1950s Friedrich Pfaff Carved Archtop Electric Guitar

Okay, folks, let's be straight -- this guitar looks killer. It's also made from quality materials in a quality way -- it has a carved spruce top and carved maple back, and features a beautiful "recurve" around the edges in that very-Germanic fashion.

There's precious little information about Pfaff archtops on the English-speaking web, but according to Guitarz, the fellow apparently worked for a bigger firm called Migma (whose label is in the body's back) in the late '40s and early '50s. Per its features, that makes complete sense.

A friend of mine brought this in to get it up and running and it took quite a bit to get it there. The body has (and still has, though they're now stable) sprung-out seams on the lower-bout area due to uneven contraction/expansion of the wood over time. This instrument also must've seen a lot of moisture at some point because some of the metal components had a ton of corrosion damage.

The truly wonderful things about this instrument include a high-class feel to the neck, bolt-on neck construction for easy back-angle adjustment, a cantilevered fretboard extension, and fully-carved construction with to-die-for f-hole cuts and oodles of bling-tastic binding. It also sounds incredibly good in a '50s "clean/bright" jazzbox sound profile when it's plugged-in. The main issue with the guitar is that it sounds pretty depressing acoustically. The tone is decent but it has very little carrying-power. That's made all the more shocking because the instrument is actually built very light and feels like it should be responsive, loud, and gutsy. At least it's enough sound to pick along with a buddy, though.

My guess is that the steep carve to the top just doesn't leave enough real estate for the top to vibrate effectively. While it looks stunning, that carve means that it just doesn't cut the mustard. As a plugged-in guitar, though, that lightweight build and top design does mean it's stable and transmits the clean vibe of the guitar right into the rather-microphonic pickup in a very transparent way. To me, that's a good thing. It keeps it lively and interesting.

Work included: a fret level/dress, rebuttoning two damaged tuners, seam repairs, bridge fitting, compensation of the bridge, minor crack repairs, and new wiring and a jack for the pickup. It plays with bang-on 1/16" overall action at the 12th fret, strung with 50w-11 strings (with wound G), and has a straight neck.

Scale length: 25 1/8"
Nut width: 1 5/8"
String spacing at nut: 1 3/8"
String spacing at bridge: 2"
Body length: 19 3/4"
Lower bout width: 15 5/8"
Waist width: 9 5/8"
Upper bout width: 12"
Side depth at endpin: 3 1/4" +top/back depth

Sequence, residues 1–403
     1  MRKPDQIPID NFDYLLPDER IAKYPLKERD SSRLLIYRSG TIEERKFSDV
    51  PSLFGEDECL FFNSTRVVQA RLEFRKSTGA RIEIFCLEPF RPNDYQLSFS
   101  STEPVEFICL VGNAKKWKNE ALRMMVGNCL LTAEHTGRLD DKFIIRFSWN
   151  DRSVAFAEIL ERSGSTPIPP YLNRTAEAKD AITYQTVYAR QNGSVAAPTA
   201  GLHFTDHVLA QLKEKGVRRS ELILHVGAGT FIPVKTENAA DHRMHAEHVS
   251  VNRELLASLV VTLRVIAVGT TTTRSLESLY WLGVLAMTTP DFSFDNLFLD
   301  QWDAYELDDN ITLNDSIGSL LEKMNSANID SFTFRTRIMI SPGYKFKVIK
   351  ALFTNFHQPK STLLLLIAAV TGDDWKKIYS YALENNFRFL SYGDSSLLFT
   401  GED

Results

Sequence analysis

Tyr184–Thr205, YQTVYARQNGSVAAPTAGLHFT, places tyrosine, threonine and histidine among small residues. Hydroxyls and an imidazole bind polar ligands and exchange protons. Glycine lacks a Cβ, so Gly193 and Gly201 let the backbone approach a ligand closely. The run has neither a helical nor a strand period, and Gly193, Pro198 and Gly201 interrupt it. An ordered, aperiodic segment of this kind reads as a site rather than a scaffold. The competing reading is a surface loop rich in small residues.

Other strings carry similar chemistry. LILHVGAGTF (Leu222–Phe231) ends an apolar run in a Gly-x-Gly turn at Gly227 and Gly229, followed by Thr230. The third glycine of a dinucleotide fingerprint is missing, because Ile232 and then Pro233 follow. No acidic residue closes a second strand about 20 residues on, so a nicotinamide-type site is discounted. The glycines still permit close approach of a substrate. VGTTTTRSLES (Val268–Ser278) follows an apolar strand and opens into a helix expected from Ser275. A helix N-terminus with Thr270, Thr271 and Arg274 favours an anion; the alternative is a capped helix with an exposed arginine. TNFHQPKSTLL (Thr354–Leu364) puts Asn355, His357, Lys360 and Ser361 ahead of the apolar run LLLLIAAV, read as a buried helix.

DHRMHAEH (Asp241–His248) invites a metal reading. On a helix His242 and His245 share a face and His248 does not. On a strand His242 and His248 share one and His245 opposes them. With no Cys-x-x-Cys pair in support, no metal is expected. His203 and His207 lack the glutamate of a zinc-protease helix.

Top wood: solid spruce, carved
Back/sides wood: solid maple, carved back
Neck wood: multi-piece maple
Bracing type: two-tonebar
Fretboard: rosewood, zero fret+plastic nut
Bridge: rosewood, adjustable
Neck feel: medium C w/fat shoulders, ~10" board radius

Condition notes: seam issues (repaired, but a little off) mentioned above, average usewear throughout the body, but glorious looks! It's all-original, too.

A zero fret and multi-ply plastic nut round-out its Germanic features.

The Hofner-esque fretboard markers look superb.

The owner really lucked-out with this pickup still functioning -- and with a lot of output, too! The pickup's casing and wire was (and is) really, really corroded and the celluloid top has gone out of shape, so I wasn't expecting anything good from it. I tested it on the quick, however, and was super-happy to find it working, so I installed a longer wire and fit it to a new, standard 1/4" jack near the endpin.

While the fretboard is rosewood, the bridge is brown-stained maple in typical German fashion. I love the celluloid inlay on the base.

Gorgeous bound f-holes mix with the engraved tailpiece for an even more luxurious display...

The carved, flamed-maple back is something else.

Inside, this guitar looks like a violin and has a small endblock and no kerfing.

The square-ended bolt for the neck is original to the instrument and would've been recessed into the heel in a small metal cup. Because I wanted to be able to get tools on it, I stuck a ferrule inside said cup to get the bolt's end beyond the surface of the heel. That ferrule can be removed when a standard screwdriver-use bolt can be found to replace this odd one.



[Schlaggitarre, literally 'beat guitar', is the German word for archtop guitars. This website in German contains lots of info. I just translated the basics.]

Friedrich Pfaff was born on 28.05.1898 in Schöneck. In 1926 he completed his masters degree as a luthier. He lived in Siebenbrunn and had his workshop there. He died at the age of 58 on 21.12.1955. Friedrich Pfaff was a member of MIGMA (Musical Instruments Artisans of Markneukirchen, the DDR-company in that luthier town) from 1947 to 1955. Otwin was the brand of the Otto Windisch company in the same town, a much bigger company, active from 1903 to 1973.
Jake Wildwood said…
You're the best, thank you!